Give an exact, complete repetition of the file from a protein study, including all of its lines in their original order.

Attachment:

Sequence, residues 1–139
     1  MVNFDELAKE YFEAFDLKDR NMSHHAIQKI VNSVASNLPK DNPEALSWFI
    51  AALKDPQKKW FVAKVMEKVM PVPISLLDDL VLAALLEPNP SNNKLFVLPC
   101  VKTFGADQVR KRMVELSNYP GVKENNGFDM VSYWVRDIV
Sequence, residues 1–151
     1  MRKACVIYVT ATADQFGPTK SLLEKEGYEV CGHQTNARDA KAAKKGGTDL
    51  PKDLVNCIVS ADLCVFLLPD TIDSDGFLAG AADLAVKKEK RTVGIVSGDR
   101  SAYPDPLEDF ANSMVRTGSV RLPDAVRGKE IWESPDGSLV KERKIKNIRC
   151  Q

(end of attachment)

Sequence, residues 1–139
     1  MVNFDELAKE YFEAFDLKDR NMSHHAIQKI VNSVASNLPK DNPEALSWFI
    51  AALKDPQKKW FVAKVMEKVM PVPISLLDDL VLAALLEPNP SNNKLFVLPC
   101  VKTFGADQVR KRMVELSNYP GVKENNGFDM VSYWVRDIV
Sequence, residues 1–151
     1  MRKACVIYVT ATADQFGPTK SLLEKEGYEV CGHQTNARDA KAAKKGGTDL
    51  PKDLVNCIVS ADLCVFLLPD TIDSDGFLAG AADLAVKKEK RTVGIVSGDR
   101  SAYPDPLEDF ANSMVRTGSV RLPDAVRGKE IWESPDGSLV KERKIKNIRC
   151  Q